The Supreme Court of Virginia affirmed the circuit court’s finding that the borrower’s breach of contract claims against his lender accrued when his debt was accelerated prior to foreclosure for statute of limitations purposes.
In Kerns v. Wells Fargo Bank, N.A., 296 Va. 146, 153, 818 S.E.2d 779 (2018), the borrower took out loan to purchase a property. The lender assigned the Promissory Note to Wells Fargo. At some point the borrower fell behind in his mortgage payments. Wells Fargo sent him a pre-acceleration letter, dated June 20, 2010, advising him of the default, and the consequences if the borrower failed to bring the loan current. Treating the entire loan accelerated, Wells Fargo instructed the trustee to foreclose on the property. On August, 23, 2011, the trustee conducted a foreclosure sale.
Exactly five years after the foreclosure sale, the borrower filed the lawsuit claiming, inter alia, Wells Fargo breached the loan agreement by failing to give him a contractually required opportunity to cure his default and by improperly accelerating the balance due. The borrower alleged that Wells Fargo ’s pre-acceleration notice had been “back-dated to June 20, 2010” but had actually been mailed on June 21, 2010. In short, the borrower claimed that Wells Fargo issued a 29-day acceleration notice rather than a 30-day notice in breach of the terms of the loan documents.
In finding for Wells Fargo, the circuit court dismissed the borrower’s action holding that the five-year statue of limitations (Va. Code § 8.91-246) barred his breach of contract claims.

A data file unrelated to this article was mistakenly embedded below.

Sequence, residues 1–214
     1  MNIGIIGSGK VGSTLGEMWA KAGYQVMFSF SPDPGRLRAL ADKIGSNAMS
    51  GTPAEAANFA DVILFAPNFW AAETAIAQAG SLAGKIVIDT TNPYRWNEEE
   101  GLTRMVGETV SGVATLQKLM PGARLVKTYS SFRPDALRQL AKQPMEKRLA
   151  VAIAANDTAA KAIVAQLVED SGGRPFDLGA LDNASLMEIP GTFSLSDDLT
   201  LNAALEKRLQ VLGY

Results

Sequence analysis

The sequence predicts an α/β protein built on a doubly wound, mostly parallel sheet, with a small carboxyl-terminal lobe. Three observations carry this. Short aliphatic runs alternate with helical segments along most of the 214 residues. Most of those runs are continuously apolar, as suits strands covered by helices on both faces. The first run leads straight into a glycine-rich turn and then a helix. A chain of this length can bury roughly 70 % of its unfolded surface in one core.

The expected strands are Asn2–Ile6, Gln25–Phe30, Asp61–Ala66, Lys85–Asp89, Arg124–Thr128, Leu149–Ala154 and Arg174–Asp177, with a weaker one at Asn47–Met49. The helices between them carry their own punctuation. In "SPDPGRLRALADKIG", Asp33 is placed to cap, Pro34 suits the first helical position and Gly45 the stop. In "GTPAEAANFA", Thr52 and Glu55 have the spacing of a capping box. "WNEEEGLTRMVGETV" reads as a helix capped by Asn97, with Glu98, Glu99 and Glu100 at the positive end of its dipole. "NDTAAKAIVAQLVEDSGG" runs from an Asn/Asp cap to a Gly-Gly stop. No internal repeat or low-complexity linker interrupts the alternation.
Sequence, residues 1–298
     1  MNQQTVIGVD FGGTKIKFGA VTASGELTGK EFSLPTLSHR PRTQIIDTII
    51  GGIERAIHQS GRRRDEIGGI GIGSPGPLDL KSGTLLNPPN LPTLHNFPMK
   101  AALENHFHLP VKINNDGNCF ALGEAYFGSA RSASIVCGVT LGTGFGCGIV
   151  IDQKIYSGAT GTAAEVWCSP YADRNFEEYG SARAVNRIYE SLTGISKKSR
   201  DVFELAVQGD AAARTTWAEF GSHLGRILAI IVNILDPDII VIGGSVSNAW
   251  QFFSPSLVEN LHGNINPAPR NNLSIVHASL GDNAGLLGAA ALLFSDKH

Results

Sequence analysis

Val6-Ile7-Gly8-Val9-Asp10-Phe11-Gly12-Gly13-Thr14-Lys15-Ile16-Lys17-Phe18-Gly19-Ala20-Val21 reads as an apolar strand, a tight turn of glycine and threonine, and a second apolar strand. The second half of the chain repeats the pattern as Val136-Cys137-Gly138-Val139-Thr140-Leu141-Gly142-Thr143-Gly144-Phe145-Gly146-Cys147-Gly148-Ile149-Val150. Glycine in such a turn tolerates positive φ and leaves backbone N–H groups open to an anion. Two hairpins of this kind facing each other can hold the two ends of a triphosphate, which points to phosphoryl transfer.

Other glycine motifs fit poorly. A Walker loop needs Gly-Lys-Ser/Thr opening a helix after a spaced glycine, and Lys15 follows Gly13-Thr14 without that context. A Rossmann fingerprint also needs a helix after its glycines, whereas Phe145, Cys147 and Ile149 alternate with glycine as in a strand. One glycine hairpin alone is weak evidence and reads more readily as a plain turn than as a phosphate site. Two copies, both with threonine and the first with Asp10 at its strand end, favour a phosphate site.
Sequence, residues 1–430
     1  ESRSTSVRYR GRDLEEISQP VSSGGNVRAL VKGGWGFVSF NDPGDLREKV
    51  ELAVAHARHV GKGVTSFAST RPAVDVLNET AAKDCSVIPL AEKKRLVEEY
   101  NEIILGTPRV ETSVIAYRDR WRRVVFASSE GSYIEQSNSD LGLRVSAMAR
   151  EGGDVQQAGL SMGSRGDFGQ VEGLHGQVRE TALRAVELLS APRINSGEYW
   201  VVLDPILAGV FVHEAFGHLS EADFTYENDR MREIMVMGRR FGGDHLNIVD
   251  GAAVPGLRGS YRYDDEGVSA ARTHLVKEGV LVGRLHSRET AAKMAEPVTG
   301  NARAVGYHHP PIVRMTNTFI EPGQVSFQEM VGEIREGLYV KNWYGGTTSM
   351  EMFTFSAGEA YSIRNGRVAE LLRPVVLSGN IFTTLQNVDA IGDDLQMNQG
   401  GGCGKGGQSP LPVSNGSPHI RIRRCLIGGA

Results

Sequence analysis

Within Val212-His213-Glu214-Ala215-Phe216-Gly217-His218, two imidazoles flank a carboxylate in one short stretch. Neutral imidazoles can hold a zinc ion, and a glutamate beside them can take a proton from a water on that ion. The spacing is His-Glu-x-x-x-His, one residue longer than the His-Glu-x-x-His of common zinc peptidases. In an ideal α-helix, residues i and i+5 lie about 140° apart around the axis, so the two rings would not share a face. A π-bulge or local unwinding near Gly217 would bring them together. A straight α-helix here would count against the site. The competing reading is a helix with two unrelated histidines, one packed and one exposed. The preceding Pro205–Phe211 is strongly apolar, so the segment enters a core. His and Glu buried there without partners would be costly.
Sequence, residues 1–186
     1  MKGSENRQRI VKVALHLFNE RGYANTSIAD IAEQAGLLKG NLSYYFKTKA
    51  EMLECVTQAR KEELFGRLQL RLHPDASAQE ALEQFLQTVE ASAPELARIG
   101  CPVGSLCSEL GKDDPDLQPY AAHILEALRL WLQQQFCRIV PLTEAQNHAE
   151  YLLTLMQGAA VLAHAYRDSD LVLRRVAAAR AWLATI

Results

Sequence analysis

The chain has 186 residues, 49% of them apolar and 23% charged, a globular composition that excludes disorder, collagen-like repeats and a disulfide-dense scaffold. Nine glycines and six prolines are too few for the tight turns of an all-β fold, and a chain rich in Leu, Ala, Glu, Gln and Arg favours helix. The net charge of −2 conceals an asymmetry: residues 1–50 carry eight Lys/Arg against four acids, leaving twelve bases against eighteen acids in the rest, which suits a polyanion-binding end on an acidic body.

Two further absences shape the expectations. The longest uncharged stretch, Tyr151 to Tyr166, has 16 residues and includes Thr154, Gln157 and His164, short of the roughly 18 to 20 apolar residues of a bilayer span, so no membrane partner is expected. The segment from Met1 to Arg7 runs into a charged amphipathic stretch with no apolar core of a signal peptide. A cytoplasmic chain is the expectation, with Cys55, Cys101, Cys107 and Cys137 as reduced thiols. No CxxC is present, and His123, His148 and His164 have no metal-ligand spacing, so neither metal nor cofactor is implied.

On appeal, the borrower argued that the lower court erred in dismissing his breach of contract claims on the statute-of-limitations grounds and ruled that the five-year limitation period began to run earlier than the date of the foreclosure sale.
The Virginia Supreme Court, in affirming the lower court, found that the circuit court narrowly held the time limitation began when Wells Fargo actually accelerated the debt and made the entire outstanding balance immediately due. “By impermissibly altering the legal relationship between the parties in this manner the circuit court held, the alleged contractual breach by Wells Fargo caused [the borrower] legally cognizable harm.”
The borrower further argued that the acceleration did not cause his injury to his contractual rights because Wells Fargo had no right to accelerate due to the allegedly defective pre-foreclosure notice, and thus no legally recognized acceleration could have occurred. The Supreme Court rejected this line of reasoning stating that the argument inverts the Virginia Code by “suggesting that no breach of contract (if later proven to be a true breach) could ever trigger the accrual of a right of action because the transgressor had no right to breach.”
Moreover, the borrower claimed that if he filed his breach of contract claims after acceleration but before foreclosure sale, there would be no cause of action because he had yet to lose his property. The Court was not persuaded. The risk of future “unrealized damages”, the Court stated, has never been a basis for pushing forward the date of accrual. According to the Court, the borrower “had five years to file his breach of contract claims after Wells Fargo had accelerated his debt. Much of that period came after foreclosure, giving Kerns ample time to calculate and prove any compensable damages that he could hope to recover.”
In sum, the Supreme Court found, that the circuit court correctly held that the borrower’s breach of contract claims — whether viewed as a right of action under Va. Code §8.01-230 or a cause of action under Code § 8.01-246 — accrued when the debt was accelerated prior to foreclosure. Because the borrower did not file his suit within five years of this date of accrual, the statute of limitations barred his claims.
Hugh J. Green